Although the recent CRB listings on the LSE are a fantastic development for the industry, the UK saw CRBs listed on the Aquis stock exchange as early as 2018. The growth market that competes with AIM is split into two segments: APX (Apex) and AXS (Access). The two segments have different admission criteria levels, providing support for companies at various stages of their growth cycle. The Access segment is appropriate for companies undergoing early-stage growth, whereas the Apex segment is intended for established companies with a more robust growth strategy. The AQSE Growth Market is of particular interest for CRBs, as a handful of companies in the sector are already listed on the market, such as Sativa Wellness Group, Love Hemp, Greencare Capital and Ananda Developments.

During the round-table, Alasdair Haynes, the founder & CEO at Aquis Exchange, said, ‘I think it is great news that the FCA has endorsed something that we believed in for quite a long time. We actually have five companies trading, which are cannabis companies – three investment companies, one life-science company and one manufacturer of cannabis.’ Alasdair continued, ‘We understand that new companies which come on board with small market caps need to have a different set of rules as well as liquidity and different trading mechanisms for them to grow. Starting from the Access market to the Apex market and ultimately on to our main market.’

As CRBs seeking a listing in London have a multitude of choices on which exchanges they can join, it is crucial to select the best fit where they can enjoy the most success. When asked for advice about choosing a suitable exchange for CRBs, Eran Zucker, Managing Director at Peterhouse Capital, stated, ‘We are seeing a lot of companies approach us now, following the Kanabo listing. We need to look at these companies and decide which companies are actually fit for the markets themselves. I think it is very clear that each exchange has its own set of advantages and disadvantages. There is a question of size, liquidity, the amount of money you can and can’t raise, and a question of cost. Those aspects would determine Peterhouse Capital’s advice to the companies themselves as to which exchange they should join.’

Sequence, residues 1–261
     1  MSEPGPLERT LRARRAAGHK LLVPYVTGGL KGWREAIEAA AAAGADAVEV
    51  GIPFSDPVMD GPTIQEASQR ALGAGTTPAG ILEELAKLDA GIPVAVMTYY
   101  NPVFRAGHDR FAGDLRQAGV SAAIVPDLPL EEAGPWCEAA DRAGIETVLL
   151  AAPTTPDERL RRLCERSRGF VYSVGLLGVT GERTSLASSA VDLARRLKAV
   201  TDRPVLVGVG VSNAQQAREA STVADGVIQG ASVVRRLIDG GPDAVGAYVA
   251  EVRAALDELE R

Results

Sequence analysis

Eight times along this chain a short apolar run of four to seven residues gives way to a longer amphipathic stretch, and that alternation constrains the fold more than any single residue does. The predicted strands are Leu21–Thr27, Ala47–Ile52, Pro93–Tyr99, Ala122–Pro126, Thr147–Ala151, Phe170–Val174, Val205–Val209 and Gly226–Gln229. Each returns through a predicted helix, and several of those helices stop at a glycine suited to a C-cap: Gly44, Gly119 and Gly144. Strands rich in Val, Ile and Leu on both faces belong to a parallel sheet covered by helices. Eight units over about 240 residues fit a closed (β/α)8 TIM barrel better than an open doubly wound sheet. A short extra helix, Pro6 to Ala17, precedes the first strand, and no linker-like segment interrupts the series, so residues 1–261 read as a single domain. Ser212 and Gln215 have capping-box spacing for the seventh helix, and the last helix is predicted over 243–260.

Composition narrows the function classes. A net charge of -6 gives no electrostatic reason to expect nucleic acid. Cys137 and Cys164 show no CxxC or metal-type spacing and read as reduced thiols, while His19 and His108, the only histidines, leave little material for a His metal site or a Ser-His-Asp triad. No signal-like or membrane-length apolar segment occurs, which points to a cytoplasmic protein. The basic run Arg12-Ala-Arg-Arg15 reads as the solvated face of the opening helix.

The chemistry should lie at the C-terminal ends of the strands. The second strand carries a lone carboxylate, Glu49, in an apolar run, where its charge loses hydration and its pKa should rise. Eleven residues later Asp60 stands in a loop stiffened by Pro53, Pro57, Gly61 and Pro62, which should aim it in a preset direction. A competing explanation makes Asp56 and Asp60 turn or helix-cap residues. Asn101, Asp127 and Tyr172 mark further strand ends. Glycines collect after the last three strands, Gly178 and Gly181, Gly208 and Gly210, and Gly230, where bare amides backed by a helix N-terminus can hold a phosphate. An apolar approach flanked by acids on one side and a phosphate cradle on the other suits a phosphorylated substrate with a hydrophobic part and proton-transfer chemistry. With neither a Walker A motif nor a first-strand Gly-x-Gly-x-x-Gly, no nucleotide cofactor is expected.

CRBs Going Public

Due to the success of the recent listings of CRBs on the LSE, many cannabis companies have been eyeing the opportunity to go public in London. It is expected that more CRBs will successfully list in London, creating a more robust and dynamic industry in the near future. 

Recently, on 30 March, Northern Leaf, a Jersey-based medical cannabis cultivator, announced it had raised £14 million in an oversubscribed offering before its IPO on the LSE later this year. This not only highlights the demand for CRBs looking to go public in London but also reflects the investor appetite for the sector. 

When asked why London is such an attractive market for cannabis companies, Alasdair Haynes stated that ‘London has a reputation of an incredibly high standard. The standards are very high, so the investors feel very protected, and that is really important when making investments that you know that the information is available.’

Thanks to PROHIBITION PARTNER for the Article, please click here TO WATCH MORE